The projector is the central piece of any projector-based home theater set-up. Taking the time to research before you buy can save you a lot of money, time, and frustration in the long run.
There are a lot of projectors out there. The stats that separate one from the other can be confusing for first-time buyers. Learning which ones you need to pay close attention to is key to getting the most out of your new projector.
That’s why we put together this step-by-step guide. By the end of it, you’ll know how to choose the perfect projector for your home theater.
Step 1: Measure and visualize your space
You’ve probably already figured out which room you want to use. Before deciding this for certain, you’ll want to make sure it will work for a projector-based home theater. The main features you should look at are:
- Horizontal distance. Unlike TVs, projectors have a variable screen size. The distance between the screen and lamp is directly proportional to the size of the image, as you can see the diagram above.
Not all projectors are created equal in this respect, however. The throw ratio of a projector tells you how much distance you need to get a given screen size. The shorter the throw ratio, the less distance you need to get the same screen size, as you can see from the chart below:
|Throw Ratio||Feet to 35”||Feet to 50”||Feet to 100”|
|.25:1 (ultra short)||.6||.9||1.8|
- Light sources. Light is the natural enemy of the projector. If the room has a lot of windows, you’ll need to get a projector with a brighter lamp (around 3,000 ANSI lumens or more) if you want to use it during the daytime.
- Angle adjustment. If the projector isn’t perfectly centered on the screen, the image will be skewed into a more trapezoidal shape (this picture shows what we mean). A projector that offers keystone adjustment lets you square up a skewed picture, allowing for more freedom with your projector and screen placement.
Step 2: Decide what you’ll use the projector for
Figuring out what kind of content you’ll play on your projector—and how you plan to get it there—will help you decide which one is best for you. First off, if you’ll use the projector for gaming you want to look for one with a short lag time. It doesn’t necessarily have to be marketed as a gaming projector as long as the lag is down around 16ms or shorter. Having said that, gaming-specific projectors often have viewing modes that optimize the screen for gaming, something that can be especially helpful in brighter spaces.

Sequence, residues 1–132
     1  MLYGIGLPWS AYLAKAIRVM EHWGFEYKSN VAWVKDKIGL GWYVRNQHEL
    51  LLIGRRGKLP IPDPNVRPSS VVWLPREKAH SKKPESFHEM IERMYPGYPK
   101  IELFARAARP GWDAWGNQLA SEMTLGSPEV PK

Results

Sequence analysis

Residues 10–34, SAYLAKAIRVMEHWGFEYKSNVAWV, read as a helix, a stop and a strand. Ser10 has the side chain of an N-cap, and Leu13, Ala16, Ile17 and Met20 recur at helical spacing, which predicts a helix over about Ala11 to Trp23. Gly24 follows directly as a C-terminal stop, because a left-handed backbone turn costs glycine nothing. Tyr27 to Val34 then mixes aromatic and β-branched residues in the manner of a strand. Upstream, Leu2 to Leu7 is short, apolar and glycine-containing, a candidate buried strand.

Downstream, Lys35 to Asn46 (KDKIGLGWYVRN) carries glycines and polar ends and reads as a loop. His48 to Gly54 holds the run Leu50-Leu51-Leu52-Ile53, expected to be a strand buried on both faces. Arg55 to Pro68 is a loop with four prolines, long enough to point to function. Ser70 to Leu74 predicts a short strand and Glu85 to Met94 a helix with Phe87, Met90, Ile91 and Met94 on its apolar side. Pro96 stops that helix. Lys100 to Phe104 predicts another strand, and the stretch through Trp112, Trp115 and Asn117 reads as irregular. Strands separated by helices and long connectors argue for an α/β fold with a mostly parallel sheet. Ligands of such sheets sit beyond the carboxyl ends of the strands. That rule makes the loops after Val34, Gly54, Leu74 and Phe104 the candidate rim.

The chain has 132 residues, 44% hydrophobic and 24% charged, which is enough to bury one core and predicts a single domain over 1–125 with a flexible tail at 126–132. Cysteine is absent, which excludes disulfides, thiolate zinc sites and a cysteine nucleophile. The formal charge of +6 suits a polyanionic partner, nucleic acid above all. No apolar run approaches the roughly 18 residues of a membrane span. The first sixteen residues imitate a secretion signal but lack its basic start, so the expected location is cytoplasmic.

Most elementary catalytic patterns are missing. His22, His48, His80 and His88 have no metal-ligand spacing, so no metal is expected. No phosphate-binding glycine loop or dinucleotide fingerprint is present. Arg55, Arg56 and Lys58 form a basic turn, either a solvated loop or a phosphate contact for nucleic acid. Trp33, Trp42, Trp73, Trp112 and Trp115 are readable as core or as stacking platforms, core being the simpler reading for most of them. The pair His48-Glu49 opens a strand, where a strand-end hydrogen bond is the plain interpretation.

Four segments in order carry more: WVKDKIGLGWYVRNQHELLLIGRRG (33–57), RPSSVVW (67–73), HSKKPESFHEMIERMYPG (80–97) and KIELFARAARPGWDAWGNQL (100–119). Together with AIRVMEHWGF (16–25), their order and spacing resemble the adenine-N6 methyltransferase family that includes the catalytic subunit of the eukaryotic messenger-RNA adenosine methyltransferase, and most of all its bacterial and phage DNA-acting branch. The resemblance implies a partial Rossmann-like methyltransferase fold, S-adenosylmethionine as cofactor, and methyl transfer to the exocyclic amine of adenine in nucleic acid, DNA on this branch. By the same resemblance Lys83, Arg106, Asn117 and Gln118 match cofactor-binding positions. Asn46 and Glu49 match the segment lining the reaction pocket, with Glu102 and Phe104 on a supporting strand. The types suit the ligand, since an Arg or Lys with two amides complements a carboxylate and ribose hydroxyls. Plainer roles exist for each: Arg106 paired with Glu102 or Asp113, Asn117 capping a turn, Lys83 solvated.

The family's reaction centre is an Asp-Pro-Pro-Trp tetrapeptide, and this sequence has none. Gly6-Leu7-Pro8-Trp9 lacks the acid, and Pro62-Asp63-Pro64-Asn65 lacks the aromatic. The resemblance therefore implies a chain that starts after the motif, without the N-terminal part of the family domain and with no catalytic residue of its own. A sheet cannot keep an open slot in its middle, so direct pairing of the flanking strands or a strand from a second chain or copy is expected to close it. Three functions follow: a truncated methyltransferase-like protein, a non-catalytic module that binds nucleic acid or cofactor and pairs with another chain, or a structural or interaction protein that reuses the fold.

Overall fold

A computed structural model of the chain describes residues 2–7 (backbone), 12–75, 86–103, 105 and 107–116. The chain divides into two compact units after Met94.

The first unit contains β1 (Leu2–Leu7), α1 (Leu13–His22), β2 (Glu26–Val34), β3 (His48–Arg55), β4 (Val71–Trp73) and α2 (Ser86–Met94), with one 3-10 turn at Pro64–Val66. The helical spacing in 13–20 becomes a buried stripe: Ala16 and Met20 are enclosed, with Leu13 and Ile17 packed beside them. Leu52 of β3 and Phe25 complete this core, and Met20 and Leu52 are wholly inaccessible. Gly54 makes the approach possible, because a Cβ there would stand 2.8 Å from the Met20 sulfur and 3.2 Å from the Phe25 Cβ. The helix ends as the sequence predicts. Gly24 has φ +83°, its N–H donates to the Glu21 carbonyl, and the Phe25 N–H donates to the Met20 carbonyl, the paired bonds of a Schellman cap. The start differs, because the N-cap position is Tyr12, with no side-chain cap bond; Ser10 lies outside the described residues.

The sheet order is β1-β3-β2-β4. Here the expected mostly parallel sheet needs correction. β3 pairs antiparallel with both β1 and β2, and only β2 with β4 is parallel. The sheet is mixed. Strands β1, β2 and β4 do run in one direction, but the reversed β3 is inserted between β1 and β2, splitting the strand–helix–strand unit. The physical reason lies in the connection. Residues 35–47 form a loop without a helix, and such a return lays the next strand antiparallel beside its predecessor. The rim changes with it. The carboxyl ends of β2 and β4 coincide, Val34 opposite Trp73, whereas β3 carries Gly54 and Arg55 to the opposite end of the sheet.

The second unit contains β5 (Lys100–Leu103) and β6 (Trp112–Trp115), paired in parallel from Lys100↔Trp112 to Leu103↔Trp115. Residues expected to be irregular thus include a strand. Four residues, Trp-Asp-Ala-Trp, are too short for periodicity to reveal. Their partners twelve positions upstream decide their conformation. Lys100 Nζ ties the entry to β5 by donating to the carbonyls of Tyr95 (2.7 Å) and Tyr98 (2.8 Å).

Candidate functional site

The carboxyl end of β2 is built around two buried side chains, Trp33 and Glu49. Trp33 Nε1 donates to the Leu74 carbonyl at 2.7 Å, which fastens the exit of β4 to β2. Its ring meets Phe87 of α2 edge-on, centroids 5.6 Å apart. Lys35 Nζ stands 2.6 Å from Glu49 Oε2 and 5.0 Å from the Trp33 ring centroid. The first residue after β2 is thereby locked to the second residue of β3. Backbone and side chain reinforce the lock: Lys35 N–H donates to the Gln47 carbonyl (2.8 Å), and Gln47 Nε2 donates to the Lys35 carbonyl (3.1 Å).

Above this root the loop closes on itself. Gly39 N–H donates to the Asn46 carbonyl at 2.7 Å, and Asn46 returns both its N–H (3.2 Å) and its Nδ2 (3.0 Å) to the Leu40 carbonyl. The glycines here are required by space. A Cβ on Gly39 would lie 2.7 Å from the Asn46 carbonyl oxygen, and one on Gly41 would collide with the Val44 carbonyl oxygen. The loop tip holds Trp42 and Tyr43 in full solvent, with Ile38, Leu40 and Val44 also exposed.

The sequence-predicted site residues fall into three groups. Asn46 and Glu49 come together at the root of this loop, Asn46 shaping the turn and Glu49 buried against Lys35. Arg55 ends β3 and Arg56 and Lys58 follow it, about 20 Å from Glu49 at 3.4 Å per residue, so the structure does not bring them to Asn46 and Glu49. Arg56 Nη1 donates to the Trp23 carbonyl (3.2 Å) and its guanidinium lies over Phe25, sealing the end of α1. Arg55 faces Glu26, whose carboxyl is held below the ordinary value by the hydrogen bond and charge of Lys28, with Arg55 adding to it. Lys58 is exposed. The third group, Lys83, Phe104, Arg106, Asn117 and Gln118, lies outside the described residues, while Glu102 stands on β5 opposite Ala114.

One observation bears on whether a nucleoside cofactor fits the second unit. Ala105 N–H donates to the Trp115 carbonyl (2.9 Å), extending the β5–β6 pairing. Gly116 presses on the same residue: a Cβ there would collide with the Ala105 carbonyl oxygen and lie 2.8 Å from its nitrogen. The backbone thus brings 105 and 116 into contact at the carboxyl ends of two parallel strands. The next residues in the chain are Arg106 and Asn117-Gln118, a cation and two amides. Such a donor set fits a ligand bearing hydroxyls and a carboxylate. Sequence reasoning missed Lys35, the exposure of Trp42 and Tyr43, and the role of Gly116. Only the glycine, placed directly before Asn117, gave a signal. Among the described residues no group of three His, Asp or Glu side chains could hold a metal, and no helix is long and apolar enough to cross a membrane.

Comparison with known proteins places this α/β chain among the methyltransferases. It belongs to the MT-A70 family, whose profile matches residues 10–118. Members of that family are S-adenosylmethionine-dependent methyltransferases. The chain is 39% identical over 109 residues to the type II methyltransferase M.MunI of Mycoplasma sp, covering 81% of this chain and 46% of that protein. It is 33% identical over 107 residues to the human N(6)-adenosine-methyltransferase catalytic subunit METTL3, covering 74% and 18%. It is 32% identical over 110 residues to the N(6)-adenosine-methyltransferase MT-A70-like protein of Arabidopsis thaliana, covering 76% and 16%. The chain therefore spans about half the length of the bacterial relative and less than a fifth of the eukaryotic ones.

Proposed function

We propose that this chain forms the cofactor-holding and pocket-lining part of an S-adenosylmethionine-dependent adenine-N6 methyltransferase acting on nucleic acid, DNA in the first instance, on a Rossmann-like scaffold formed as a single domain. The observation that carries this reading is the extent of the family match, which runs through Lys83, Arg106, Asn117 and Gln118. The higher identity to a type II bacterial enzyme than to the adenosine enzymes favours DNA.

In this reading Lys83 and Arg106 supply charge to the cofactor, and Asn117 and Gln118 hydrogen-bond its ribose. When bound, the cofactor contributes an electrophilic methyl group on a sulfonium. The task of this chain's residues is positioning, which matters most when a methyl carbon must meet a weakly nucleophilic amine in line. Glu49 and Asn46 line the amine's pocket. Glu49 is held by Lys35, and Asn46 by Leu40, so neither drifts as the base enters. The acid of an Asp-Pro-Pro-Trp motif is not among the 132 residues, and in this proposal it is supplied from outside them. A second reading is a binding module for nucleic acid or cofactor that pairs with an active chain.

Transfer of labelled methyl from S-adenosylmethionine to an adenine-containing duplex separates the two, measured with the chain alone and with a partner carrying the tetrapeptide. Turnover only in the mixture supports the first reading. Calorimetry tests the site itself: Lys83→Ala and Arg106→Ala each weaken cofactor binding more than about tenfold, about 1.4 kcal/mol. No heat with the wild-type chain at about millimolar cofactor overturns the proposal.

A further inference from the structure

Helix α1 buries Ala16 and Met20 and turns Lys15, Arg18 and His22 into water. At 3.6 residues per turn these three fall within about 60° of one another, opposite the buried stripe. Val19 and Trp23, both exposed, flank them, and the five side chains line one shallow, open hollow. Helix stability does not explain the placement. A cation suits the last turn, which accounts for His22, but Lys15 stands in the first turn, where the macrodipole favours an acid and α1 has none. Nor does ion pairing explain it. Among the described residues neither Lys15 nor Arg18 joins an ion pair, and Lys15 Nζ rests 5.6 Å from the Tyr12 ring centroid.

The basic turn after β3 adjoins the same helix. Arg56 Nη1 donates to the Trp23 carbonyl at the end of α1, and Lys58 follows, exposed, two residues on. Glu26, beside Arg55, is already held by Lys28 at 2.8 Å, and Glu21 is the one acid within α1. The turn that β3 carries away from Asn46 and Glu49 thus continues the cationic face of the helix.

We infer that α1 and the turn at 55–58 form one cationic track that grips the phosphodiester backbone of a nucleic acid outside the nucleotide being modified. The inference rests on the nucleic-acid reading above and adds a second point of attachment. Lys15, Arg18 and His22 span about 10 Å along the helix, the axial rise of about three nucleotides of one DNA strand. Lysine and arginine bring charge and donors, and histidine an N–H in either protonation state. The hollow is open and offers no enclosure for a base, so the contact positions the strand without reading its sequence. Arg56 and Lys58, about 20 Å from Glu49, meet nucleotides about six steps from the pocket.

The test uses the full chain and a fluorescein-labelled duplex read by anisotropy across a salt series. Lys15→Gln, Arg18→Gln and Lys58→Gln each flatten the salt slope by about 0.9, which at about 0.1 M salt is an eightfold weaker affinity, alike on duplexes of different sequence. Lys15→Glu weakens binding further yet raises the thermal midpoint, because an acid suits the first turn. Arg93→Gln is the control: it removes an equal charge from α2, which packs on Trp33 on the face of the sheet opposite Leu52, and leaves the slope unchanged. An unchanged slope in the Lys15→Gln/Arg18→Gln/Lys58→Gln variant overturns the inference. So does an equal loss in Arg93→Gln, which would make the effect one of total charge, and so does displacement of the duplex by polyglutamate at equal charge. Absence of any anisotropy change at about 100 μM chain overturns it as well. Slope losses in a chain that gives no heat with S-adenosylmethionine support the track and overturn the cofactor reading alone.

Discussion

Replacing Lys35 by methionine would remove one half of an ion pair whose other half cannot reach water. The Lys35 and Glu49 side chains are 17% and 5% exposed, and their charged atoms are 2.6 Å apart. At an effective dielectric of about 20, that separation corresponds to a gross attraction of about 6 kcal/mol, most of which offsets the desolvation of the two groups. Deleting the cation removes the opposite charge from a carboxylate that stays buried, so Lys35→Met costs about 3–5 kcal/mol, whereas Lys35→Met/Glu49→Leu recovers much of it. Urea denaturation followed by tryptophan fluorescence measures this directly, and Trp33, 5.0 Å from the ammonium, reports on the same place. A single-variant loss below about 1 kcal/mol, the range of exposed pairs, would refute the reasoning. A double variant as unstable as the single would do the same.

Next, determine how many content sources you’ll be hooking up to your projector. Modern home theater projectors will have at least 1 HDMI port, and many even have 2. This will suffice for most users, allowing you to hook up a streaming stick and a gaming system, for example. Some projectors will also include USB, VGA, and other connection options, though these are less common.
Step 3: Pick your resolution
A resolution of 1080p is now fairly standard for home theater projectors. This will give you a relatively clear HD image. In terms of price, you can get projectors with a native resolution of 1080p for as low as $200, though more sophisticated models can cost $1,000 or more. For 1080p projectors buying guide click here.
You can also find projectors with 4K UltraHD resolution. These will be more expensive, running somewhere in the neighborhood of $2,000-$3,000 on average. They also tend to have a better picture quality overall and often come with other features that make them worth the extra investment.
Step 4: Plan for sound
The speakers on the vast majority of home theater projectors are relatively worthless. Worry less about the installed speakers on the projector and more about the audio output options. If you had a speaker system for your old TV, make sure you get a projector that’s compatible—a new speaker system can be a big unexpected expense. Find projector soundbars review here.
Step 5: Make your feature checklist
Now that you basically know what you’re looking for, you can determine which features are your must-haves. Put these together into your feature check-list. At a minimum, this should include:
- 2,000 ANSI lumens minimum, and 3,000 or higher for well-lit spaces
- Throw ratio. Especially pay attention to this stat if you need a short- or ultra short-throw projector to fit an especially small or narrow space.
- Lag time. A low lag time (16ms or less) is necessary if you plan to use the projector for games.
- 1080p is standard, but 4K UltraHD is an option (for a price)
- Inputs/outputs. Include all your content sources and your speakers when figuring out what connections you need.
- Keystone adjustment. Look for this feature if your projector might not be centered on the screen.
Finally, consider whether you want any extra features, like 3D capability, Bluetooth compatibility, or built-in Wi-Fi. Keep in mind these features will also increase the price, especially if you have a limited budget to work with.
Bringing it all together: buying your projector
Now that you know what you’re looking for, it’s time to go shopping. Compare your ideal projector to the ones you’re finding on the market in your budget. In some cases, it may mean making a few compromises, like ditching the 3D capability so you can get the short throw ratio you need for your narrow living room. With so many great projectors on the market, though, you can almost always find one that meets all your needs at an affordable price.